Setting the table. Place forks to the left of the plate; knives and spoons to the right. Arrange from the outside in based on which utensil you’ll use first: for example, on the left side , the salad fork (smaller and wider than the dinner fork) to the far left, then to its right, the dinner fork.
In General: – No more than three of any implement is ever placed on the table , except when an oyster fork is used in addition to three other forks .
Place -Setting Specifics The fork goes to the left of the plate. Place the knife to the right of the plate with the blade facing the plate. A napkin goes to the left of the fork or atop the dinner plate. A water or beverage glass rests just above the knife .
There are two basic methods for eating with a knife and fork . The “American” involves having your fork in your left and your knife in your right when cutting your food, then putting the knife down and switching your fork to your right hand to eat, tines facing upwards. (If you’re right – handed , that is.)
Because the fork was an assisting utensil to the knife, and the knife was already firmly gripped in the right hand, people were forced to navigate the fork with their left hand. It is for this reason that the fork was then laid upon on the left side of the plate.
The idea behind the use of multiple forks is to prevent contamination from one dish to the next. Having salad dressing on a fork that is then used to enjoy a light piece of fish could alter the taste of the fish dish. By using a separate fork , diners are able to enjoy each dish standing on its own.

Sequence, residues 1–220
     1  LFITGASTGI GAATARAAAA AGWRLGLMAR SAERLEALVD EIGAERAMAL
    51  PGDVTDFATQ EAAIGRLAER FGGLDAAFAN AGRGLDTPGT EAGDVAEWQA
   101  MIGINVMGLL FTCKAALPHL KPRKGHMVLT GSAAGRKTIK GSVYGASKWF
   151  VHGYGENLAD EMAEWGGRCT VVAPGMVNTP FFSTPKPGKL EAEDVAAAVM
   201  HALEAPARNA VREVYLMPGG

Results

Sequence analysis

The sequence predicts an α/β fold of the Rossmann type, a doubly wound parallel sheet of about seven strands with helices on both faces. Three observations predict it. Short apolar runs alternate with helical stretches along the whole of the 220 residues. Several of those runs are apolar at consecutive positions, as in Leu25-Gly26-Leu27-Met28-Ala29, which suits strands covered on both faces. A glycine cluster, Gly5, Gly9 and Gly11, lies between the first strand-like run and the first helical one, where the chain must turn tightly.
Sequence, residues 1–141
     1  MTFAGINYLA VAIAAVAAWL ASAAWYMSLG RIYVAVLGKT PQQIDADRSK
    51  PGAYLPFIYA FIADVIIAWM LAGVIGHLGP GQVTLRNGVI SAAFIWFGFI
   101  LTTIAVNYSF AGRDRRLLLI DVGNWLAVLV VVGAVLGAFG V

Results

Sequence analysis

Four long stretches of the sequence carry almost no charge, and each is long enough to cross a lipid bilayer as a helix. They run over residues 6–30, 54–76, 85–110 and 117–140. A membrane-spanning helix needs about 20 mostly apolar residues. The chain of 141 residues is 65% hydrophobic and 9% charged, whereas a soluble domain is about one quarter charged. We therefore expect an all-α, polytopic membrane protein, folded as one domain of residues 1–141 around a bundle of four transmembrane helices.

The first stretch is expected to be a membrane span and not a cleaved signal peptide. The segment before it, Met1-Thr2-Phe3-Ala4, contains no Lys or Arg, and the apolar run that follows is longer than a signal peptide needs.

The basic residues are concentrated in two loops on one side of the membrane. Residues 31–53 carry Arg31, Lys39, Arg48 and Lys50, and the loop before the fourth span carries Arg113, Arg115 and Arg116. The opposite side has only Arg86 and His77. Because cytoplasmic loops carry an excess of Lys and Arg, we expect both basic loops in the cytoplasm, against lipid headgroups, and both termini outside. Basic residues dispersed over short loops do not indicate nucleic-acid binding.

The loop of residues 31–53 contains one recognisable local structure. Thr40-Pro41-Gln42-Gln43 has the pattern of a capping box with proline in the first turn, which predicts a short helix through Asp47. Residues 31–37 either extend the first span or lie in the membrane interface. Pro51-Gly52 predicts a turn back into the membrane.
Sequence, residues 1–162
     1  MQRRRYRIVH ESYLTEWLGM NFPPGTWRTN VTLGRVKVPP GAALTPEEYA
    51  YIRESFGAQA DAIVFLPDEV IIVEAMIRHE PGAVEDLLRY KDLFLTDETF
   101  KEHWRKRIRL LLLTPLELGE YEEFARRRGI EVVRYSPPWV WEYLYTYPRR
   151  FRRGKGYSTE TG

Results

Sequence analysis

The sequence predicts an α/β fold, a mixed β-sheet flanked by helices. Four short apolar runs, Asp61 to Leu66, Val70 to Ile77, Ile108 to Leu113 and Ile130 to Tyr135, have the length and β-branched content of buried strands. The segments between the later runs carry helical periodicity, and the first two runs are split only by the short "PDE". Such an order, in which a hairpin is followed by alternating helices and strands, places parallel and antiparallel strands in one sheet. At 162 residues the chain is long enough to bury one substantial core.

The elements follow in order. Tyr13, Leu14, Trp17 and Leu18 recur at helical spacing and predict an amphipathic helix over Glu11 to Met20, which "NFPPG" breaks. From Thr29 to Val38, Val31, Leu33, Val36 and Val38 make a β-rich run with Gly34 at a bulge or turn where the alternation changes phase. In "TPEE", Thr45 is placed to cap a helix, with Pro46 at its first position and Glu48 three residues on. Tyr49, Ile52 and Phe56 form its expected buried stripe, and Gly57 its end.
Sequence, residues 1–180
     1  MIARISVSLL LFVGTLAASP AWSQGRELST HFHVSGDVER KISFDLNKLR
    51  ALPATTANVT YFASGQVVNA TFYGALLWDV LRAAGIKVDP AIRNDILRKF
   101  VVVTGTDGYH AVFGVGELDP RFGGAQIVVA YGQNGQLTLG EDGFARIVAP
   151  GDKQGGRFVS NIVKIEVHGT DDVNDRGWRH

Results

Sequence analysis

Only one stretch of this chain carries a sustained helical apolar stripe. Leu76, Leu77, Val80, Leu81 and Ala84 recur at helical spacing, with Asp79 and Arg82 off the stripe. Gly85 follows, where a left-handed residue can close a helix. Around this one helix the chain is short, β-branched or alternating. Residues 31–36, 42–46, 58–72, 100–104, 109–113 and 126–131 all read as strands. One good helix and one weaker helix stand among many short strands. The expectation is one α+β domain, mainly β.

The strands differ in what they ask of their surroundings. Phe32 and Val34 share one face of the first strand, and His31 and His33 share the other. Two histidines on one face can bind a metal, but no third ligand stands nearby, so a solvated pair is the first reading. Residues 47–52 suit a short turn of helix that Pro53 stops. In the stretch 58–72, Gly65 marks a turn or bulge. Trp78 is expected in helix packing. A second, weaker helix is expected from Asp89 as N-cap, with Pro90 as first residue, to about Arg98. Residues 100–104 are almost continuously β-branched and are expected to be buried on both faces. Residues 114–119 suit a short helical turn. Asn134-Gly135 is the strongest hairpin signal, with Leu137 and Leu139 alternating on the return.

The dessert fork may be placed above the dinner plate, or it may be brought to the table when dessert is served. A narrow fork with three tines, this fork (also called a seafood or cocktail fork ) is useful for handling shellfish, or for picking up shrimp from a shrimp cocktail.
The three most common types of table settings are formal, casual, and basic . Each place setting includes the utensils and dinnerware pieces that would normally be used with the corresponding style of dining.
Place your knife and fork together in the centre of the plate, pointing to twelve o’clock. This will indicate to your attendee that you have finished. It is okay to place it pointing any position on the plate as long as the utensils are parallel to each other. “I am ready for my next meal .”
Place a dinner plate in the centre of the setting and lay forks to the left of the plate and knives and spoons to the right . Place your cutlery in the order that it will be used starting from the outside. Knife blades should be facing towards the plate and fork prongs facing upwards.
Your napkin should remain on your lap during the meal. If you need to leave the table temporarily , place your napkin in your chair and push your chair back under the table – this signals to the wait staff that you will be returning to the table .
Your fork is in your left hand with the tines pointing down and your knife is in your right hand because most peoples right hand is stronger and therefore more suited to the activity of cutting. Eating with your fork in the right hand , with the tines pointing up has been popular in North America for many generations.
Having the fork “ upside down ” makes it easier to remove most food from the fork to the mouth. In proper etiquette a fork is always held in your left hand and the knife in the right hand. It does not matter if you are right or left handed, it does not change which hand you use for your knife and fork .
In the American style, one cuts the food by holding the knife in the right hand and the fork in the left hand with the fork tines piercing the food to secure it on the plate.